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Jobs Plentiful For Now, But The Outlook For Jobs And Earnings Dims.

Published: Thu 23 Jun 2022 09:02 AM
Westpac McDermott Miller Employment Confidence, June quarter 2022
The Westpac McDermott Miller Employment Confidence Index fell 5 points in the June quarter to a level of 108.5. This was the first fall in employment confidence since June 2020, when the country had just experienced the first Covid-19 lockdown.
“Perceptions about current job opportunities remain the strong point of the index, and the only component to record a rise in the June quarter,” said Michael Gordon, Acting Chief Economist for Westpac. “Job vacancies continue to rise, and businesses are finding it even harder to retain or replace workers as the international border has reopened.”
However, the other components of the survey were softer in June, with a decline in perceptions about job security, future job opportunities, and past and future earnings growth.
“Overall, employment confidence has held up at a reasonably high level,” said Mr Gordon. “That’s in stark contrast with the consumer confidence results released earlier this week, which fell to the lowest in the history of the survey going back to 1988.”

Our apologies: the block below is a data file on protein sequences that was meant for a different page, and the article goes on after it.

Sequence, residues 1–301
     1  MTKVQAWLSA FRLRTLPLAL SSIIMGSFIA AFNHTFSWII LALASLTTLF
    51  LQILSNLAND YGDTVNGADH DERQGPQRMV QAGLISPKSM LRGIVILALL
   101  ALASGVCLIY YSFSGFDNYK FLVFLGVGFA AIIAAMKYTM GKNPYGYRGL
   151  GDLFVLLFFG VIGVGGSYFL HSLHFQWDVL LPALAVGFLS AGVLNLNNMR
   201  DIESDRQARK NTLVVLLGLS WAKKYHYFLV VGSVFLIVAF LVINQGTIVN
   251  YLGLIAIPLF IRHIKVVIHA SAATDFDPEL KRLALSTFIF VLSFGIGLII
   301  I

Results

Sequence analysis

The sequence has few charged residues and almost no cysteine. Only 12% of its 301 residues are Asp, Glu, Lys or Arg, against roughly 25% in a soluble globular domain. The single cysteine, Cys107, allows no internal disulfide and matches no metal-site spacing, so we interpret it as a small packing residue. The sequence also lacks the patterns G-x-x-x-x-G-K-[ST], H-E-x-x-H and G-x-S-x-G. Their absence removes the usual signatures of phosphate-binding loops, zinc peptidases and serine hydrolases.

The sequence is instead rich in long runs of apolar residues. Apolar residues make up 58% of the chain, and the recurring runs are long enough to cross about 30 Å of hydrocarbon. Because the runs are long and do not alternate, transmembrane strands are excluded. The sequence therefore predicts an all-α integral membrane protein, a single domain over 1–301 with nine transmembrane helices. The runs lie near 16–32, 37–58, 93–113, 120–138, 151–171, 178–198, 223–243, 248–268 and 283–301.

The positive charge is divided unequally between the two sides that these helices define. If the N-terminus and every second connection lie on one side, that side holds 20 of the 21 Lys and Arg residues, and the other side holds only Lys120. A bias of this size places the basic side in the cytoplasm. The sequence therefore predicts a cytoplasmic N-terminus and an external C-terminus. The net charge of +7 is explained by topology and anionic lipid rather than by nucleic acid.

“Taking these results together suggests that while the risk of recession is playing on some people’s minds, it’s the cost-of-living squeeze that is doing the most damage to confidence,” said Mr Gordon.
“Confidence amongst employees working in the public sector has seen a considerable drop this June quarter, down 17.9 points to 110.3. In contrast, confidence amongst private sector employees sits almost level with last quarter at 106.4,” observed Imogen Rendall, Market Research Director of McDermott Miller Limited. “Both private and public sector employees are concerned about future job opportunities, while public sector employees are now much more cautious about their personal job security over the coming year compared with last quarter’s results,” commented Ms Rendall.
“When looking across the different demographic groups, some big drops in confidence have been seen amongst men (down 11.2 points to 108.9) and amongst those aged 30 to 49 years (down 10.5 points to 105.6). Although both groups remain positive, they are clearly concerned about what the future holds,” noted Ms Rendall.
A full description of the background and specifications of the survey are attached. The survey was conducted over 1-14 June 2022, with a sample size of 1,559. An index number over 100 indicates that optimists outnumber pessimists. The margin of error of the survey is 2.5%.Acknowledgement
The Westpac McDermott Miller Employment Confidence Index is owned by McDermott Miller Limited. Westpac McDermott Miller should be acknowledged as the source when citing the Employment Confidence Survey and Index. Graphs supplied may be reproduced by the news media provided the Westpac McDermott Miller logo remains inset.

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